Happiness is – a platter of homemade fried chicken!

Oh boy I hope this post will not come across as cliché. This has been my thought as I pondered posting my recipe for fried chicken. Yes, at the center of southbyse.com is the food and culture of the American south but do I really want to go there, straight to one of the most stereotypical southern foods of all time?

I don’t think of fried chicken in that way, but most of the world (if they ever come across it) probably does. No one would dare accuse me of being a food snob, however when it comes to a few of my most beloved favorites then I will gladly admit to being biased. This goes for seafood (especially shrimp), tomatoes, peaches and fried chicken.

I like my shrimp wild and local. I like my tomatoes ripened on the vine and local. I like my peaches to smell like peaches (not a vacuum bag) and if they sport a sticker it better be stamped ‘South Carolina’. And I like my fried chicken crisp, with the skin left on and local – preferably from my kitchen… or my Mama’s or someone else’s mama’s kitchen.

Yes, I have eaten fried chicken from the Colonel and even from neighborhood grocery stores over the years, but there has never been any purchased fried chicken to match the chicken that was fried in my (or my mom’s) own cast iron skillet. In childhood, we ate fried chicken about twice a month, maybe a little more during the winter and a little less in the summer. It was on the Sunday dinner (lunch) rotation along with pot roast, roast chicken, and ham. Sometimes we would have it during the week as well, with sides of fresh vegetables, rice or homemade potato salad.

Thinking about delicious homemade fried chicken makes my mouth water, much like the smell of smoking barbeque pork, and it conjures up warm feelings and memories that I associate with that food. Dreaming about biting into that first taste of crispy, juicy chicken transports me back to my Mom’s small kitchen in Columbia, SC, with my Dad watching a baseball game in the den and my mother hollering for my brother to “come in and get washed up, ‘cause dinner was fixin’ to be ready!” It makes me feel good inside…plus it’s just plain delicious.

Truthfully frying chicken can be somewhat messy – sticky chicken pieces, flour covered work surface and cleaning up that grease. If you’re doing it right, then hot oil will splatter across the range top. That fried oil odor may hang on for a while too. However, if you have a good ventilation fan it’s not much of a problem. Be sure to eject all small chicken and pets from the frying area– it can be hazardous for small ones. Used flour bags work great for tossing the chicken pieces and seasoned flour; it keeps any flour dispersion to a minimum too.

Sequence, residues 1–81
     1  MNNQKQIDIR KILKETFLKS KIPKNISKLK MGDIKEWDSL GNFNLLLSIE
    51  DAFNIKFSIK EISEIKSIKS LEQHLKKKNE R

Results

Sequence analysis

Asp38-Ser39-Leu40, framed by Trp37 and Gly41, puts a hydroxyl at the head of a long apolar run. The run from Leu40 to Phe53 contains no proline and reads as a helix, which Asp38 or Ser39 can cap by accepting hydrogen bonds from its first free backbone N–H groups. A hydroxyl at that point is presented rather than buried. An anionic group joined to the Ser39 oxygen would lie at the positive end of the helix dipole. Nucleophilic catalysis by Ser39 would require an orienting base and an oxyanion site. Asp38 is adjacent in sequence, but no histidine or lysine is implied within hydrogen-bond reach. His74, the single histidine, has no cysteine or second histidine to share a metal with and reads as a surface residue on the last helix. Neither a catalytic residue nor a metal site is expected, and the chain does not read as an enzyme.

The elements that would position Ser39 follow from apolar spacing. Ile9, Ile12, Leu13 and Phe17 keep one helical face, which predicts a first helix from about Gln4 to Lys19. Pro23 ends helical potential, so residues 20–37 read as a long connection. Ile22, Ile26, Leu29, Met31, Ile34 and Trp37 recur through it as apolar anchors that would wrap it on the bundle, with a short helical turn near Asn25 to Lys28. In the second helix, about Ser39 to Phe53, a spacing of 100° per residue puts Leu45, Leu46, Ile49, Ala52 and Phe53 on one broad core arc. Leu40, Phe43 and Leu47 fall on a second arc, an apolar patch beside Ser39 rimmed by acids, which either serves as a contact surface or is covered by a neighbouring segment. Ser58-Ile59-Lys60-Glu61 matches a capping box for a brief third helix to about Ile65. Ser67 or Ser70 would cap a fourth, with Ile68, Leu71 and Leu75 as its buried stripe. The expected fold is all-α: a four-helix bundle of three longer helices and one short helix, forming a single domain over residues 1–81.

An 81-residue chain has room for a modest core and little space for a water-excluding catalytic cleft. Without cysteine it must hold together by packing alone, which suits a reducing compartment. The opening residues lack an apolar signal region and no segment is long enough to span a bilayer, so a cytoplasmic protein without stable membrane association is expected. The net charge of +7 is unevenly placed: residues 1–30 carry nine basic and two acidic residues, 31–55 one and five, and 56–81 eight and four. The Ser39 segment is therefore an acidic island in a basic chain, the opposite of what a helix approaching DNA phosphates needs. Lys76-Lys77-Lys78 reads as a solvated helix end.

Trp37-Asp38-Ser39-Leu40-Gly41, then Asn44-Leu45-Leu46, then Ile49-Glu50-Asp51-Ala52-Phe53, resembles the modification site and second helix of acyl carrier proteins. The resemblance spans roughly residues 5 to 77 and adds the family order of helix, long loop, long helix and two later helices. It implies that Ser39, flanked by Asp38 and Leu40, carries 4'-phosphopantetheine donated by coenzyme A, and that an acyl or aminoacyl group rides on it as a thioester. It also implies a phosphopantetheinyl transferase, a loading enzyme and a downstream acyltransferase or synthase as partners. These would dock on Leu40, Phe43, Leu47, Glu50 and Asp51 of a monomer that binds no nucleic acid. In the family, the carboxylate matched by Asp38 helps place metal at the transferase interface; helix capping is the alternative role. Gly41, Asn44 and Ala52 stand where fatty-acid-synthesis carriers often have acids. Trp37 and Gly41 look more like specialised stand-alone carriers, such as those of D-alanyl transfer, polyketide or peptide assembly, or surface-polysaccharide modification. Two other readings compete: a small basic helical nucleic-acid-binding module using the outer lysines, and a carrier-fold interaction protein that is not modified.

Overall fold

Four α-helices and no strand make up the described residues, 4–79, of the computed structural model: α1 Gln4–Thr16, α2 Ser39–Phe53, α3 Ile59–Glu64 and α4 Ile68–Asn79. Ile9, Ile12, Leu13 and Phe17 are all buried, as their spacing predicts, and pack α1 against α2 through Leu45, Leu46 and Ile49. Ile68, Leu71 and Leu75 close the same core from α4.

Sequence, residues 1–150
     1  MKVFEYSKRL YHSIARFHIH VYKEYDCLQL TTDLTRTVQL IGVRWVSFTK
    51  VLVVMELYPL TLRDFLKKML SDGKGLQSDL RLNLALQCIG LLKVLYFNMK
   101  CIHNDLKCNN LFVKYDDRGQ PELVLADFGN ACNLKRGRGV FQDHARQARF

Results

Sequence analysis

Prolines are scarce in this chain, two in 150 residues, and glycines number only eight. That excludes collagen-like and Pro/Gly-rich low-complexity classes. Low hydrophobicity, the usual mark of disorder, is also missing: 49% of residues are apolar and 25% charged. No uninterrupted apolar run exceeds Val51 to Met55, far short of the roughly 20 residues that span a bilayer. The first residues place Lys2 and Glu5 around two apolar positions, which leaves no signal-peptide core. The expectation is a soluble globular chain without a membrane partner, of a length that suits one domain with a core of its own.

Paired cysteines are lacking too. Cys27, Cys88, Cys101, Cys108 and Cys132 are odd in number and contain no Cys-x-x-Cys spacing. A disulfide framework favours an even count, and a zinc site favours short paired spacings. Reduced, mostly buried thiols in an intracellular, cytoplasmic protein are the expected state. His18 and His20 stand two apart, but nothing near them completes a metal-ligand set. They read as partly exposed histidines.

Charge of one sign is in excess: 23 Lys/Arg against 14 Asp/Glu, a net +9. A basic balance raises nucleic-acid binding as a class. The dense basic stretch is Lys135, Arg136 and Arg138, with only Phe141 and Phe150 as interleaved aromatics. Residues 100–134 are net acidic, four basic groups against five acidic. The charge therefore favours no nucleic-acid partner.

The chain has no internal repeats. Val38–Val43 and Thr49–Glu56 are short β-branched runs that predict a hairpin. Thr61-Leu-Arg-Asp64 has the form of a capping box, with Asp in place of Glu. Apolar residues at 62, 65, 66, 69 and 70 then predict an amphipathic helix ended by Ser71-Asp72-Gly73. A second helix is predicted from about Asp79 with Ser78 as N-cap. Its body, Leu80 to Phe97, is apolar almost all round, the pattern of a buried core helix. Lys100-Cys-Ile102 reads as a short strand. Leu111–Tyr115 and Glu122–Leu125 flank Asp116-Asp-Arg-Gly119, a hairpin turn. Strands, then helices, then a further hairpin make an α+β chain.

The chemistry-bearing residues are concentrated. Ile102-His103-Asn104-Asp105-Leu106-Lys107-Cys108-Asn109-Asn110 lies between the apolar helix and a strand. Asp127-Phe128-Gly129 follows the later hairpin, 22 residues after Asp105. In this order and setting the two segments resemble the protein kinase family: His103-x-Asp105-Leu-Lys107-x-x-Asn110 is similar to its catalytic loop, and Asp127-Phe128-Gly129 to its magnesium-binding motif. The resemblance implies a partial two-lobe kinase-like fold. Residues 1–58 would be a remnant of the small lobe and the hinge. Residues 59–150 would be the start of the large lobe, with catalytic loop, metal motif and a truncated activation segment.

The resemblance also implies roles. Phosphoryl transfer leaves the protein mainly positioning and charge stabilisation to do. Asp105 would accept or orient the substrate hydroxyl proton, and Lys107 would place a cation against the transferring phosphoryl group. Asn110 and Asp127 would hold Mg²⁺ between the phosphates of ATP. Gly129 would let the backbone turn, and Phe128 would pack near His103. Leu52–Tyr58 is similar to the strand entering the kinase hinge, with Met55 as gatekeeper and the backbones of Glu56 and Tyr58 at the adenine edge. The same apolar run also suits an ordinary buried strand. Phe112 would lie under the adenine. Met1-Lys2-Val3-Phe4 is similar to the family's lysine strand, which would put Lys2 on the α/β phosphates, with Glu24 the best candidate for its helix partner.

Unless I have some kind of insatiable craving for fried chicken, I’ll make it when there’s a crowd to feed – like a potluck picnic or wait for it…tailgating. Today’s tailgater may be expecting something grilled or perhaps smoked, but my traditional football tailgating spread must include fried chicken. Even if you’re traveling for the game, just pack the fresh, hot fried chicken tightly in an insulated container and you’re good. Heck better to serve cold homemade fried chicken than none at all – that would be sad, and probably bad luck. Make people happy… cook up some fried chicken!

I skipped showing the ingredients and mixing up the marinade but it’s a simple task. I highly recommend using homemade ranch dressing, i.e. I use Hidden Valley Ranch mix and fresh low fat buttermilk. Turn the chicken over a couple of times throughout the marinating time so each piece is soaked well.

Having the right equipment is important in frying chicken to ensure good results and safety too. Like the coal miner’s daughter Loretta Lynn (remember those commercials?) I prefer Wesson Oil for frying chicken. Leave ample space between the oil and the top of the pan, but you will need 1/2 inch of oil in the skillet.